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If I was Donald Trump’s PR adviser…

Donald Trump has public relations advisers on tap, but from the outside I’m guessing they must be feeling somewhat out in the cold as he ignores their strategic advice for his speeches, interviews and tweets as he aims for the White House.

And yet, by all current measures that matter, Trump is getting his message across and is exceeding all expectations. Perhaps his PR team are just happy to go along for the ride – after all, working on a team that outperforms expectations by this margin usually looks good on a CV, and is the basis for winning future lucrative work.  But as experienced professionals, I think they’ll be wincing when he comes out with such lines as, ‘Donald J Trump is calling for a total and complete shutdown of Muslims entering the United States,’ or, referring to tortured ex-PoW and Vietnam veteran Senator John McCain, ‘He’s not a war hero. He’s a war hero because he was captured. I like people who weren’t captured.’

Some of that discomfort will occur because PRs are professionals, and the professional classes, even the right wing Conservative bits, simply don’t comport themselves thus, and mostly don’t spend their time around people who do.  But they’ll also be reflexively panicked because a good PR helps their client think several moves ahead.  Even obscure, ancient quotes in this political and media age are dredged up to be used against candidates – and these quotes are recent and well known.

Trump may not have many Muslims or Hispanics (another target of his dissatisfaction) in his rallies right now, but come polling day, their vote counts. Republican party bosses can see that and are worried – the Hispanic vote in particular is large in some electorally-key US states (Florida ring any bells?).  But for now Trump is, in fact, doing lots of things right.

The Republican line-up for the party’s nomination is still a crowded field, and he is doing what no other candidate has managed – he is standing out, and using outlandish views (and a coincidentally outlandish appearance) to achieve it.  Meanwhile other candidates are matching the caution of their PR advisers. Can I suggest that while those advisers are thinking four, five and six moves ahead very well, they are failing to come up with moves one, two or three.  And if they and their candidates don’t recognise this stage as being different, then of course there will be no opportunity to complete those perfect later moves.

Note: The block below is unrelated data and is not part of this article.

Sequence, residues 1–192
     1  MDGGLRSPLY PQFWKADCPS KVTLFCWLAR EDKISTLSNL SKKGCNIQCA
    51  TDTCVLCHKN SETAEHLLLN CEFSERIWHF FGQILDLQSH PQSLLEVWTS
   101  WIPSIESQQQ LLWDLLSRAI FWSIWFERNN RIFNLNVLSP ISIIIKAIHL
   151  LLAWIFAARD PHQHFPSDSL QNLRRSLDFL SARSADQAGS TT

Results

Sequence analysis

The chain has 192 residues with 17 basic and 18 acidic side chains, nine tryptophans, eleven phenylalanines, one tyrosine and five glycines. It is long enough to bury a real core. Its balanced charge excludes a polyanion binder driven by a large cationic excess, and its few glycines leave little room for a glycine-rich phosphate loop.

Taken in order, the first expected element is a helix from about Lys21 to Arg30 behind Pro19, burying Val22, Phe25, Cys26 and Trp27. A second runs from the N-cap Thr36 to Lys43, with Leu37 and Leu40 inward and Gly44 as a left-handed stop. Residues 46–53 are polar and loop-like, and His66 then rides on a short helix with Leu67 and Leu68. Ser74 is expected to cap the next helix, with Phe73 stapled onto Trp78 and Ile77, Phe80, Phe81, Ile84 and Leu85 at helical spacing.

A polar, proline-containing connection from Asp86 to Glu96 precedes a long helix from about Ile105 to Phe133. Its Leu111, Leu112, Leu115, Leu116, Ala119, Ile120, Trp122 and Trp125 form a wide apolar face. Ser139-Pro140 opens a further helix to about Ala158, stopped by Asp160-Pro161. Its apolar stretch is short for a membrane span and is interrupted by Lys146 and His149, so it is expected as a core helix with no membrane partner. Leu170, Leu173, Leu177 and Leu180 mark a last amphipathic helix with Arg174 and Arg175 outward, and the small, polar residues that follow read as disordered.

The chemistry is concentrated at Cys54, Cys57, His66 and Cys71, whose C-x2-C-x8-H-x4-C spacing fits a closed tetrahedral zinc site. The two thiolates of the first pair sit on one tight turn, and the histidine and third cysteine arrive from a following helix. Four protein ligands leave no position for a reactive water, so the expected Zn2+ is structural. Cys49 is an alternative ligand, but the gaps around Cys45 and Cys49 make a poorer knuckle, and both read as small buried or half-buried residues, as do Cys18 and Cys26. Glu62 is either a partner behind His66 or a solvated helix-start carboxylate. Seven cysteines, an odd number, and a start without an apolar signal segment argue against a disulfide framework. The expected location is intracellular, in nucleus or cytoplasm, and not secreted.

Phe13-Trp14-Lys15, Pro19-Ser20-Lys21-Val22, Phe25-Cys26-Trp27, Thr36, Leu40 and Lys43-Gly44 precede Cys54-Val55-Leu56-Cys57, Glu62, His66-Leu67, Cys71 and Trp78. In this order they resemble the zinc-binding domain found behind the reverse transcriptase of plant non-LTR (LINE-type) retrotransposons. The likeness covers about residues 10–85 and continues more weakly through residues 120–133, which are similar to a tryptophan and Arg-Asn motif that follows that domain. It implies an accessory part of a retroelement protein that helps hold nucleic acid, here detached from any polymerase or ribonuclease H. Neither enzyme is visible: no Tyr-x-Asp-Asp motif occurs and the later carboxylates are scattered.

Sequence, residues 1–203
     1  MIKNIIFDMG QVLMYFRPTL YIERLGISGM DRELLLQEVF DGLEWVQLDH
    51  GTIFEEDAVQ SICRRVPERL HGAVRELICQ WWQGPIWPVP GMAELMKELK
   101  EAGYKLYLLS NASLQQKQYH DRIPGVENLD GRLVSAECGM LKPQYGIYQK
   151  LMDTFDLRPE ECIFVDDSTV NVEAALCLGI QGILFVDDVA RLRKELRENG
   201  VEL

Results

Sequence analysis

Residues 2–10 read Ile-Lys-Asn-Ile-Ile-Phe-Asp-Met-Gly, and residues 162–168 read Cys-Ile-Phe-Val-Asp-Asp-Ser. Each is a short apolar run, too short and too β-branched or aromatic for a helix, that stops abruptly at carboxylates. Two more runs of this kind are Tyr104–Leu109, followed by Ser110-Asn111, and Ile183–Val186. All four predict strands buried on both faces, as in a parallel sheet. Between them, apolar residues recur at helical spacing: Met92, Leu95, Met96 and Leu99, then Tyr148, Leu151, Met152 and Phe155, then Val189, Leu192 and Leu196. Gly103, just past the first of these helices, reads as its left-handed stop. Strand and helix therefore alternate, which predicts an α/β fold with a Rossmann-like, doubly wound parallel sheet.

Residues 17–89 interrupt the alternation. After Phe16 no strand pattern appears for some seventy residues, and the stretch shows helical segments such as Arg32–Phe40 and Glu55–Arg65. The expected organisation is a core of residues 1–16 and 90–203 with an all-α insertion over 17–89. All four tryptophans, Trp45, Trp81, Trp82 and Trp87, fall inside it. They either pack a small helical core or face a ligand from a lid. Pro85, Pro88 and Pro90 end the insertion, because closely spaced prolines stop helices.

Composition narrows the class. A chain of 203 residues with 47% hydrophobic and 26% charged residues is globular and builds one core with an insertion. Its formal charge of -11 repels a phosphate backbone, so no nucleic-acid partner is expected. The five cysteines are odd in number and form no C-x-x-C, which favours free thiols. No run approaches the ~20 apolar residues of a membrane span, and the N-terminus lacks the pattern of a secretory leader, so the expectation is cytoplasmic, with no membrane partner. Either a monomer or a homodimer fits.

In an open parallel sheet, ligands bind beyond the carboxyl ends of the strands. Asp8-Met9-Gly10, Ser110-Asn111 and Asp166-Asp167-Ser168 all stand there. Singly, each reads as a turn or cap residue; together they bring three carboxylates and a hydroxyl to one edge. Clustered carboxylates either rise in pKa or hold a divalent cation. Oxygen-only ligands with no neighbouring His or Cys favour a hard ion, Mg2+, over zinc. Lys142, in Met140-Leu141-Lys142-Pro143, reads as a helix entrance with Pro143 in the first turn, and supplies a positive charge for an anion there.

Some of what Trump needs is beyond his control.  He benefits from the crowded field, and in fact needs as many of them as possible to stay in the race for the nomination for as long as possible. Each of his opponents has the effect of watering down the impact of the others.  But what he can control is when he starts listening to more conventional advice – and he will need to.

Trump has great core support, but the worry for his team will be that it is hard to add to it. For example, which withdrawing candidate would urge their supporters to translate their support to Trump?

If, and it is a big if, Trump decides to sound more statesman-like – to broaden his appeal by, with a knowing wink, implying that those early crass comments served their purpose and that he really isn’t that nuts – then he has one great advantage.  And that’s the fact that Trump suddenly sounding a bit more moderate and a little more sane will in itself be a big news story – a talking point that attracts acres of coverage of the type a rival will struggle to secure.

That’s what could happen – personally I hope he heeds not a word of this sort of advice.  But as people in Labour’s parliamentary party continue to puzzle endlessly how another fairly unspun person, Jeremy Corbyn, became party leader, all this is at least interesting and of interest.

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